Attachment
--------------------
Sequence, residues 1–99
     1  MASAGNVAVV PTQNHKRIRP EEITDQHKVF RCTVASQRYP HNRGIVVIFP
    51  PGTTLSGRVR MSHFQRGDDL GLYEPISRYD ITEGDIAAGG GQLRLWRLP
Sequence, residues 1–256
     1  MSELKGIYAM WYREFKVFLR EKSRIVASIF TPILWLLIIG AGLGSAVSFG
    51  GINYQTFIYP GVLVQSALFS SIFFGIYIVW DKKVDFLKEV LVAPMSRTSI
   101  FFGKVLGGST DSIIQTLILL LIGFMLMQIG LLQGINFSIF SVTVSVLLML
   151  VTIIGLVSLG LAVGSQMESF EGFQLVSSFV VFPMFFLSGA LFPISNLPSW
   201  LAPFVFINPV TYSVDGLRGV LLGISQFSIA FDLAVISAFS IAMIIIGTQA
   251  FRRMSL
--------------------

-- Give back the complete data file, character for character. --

Sequence, residues 1–99
     1  MASAGNVAVV PTQNHKRIRP EEITDQHKVF RCTVASQRYP HNRGIVVIFP
    51  PGTTLSGRVR MSHFQRGDDL GLYEPISRYD ITEGDIAAGG GQLRLWRLP
Sequence, residues 1–256
     1  MSELKGIYAM WYREFKVFLR EKSRIVASIF TPILWLLIIG AGLGSAVSFG
    51  GINYQTFIYP GVLVQSALFS SIFFGIYIVW DKKVDFLKEV LVAPMSRTSI
   101  FFGKVLGGST DSIIQTLILL LIGFMLMQIG LLQGINFSIF SVTVSVLLML
   151  VTIIGLVSLG LAVGSQMESF EGFQLVSSFV VFPMFFLSGA LFPISNLPSW
   201  LAPFVFINPV TYSVDGLRGV LLGISQFSIA FDLAVISAFS IAMIIIGTQA
   251  FRRMSL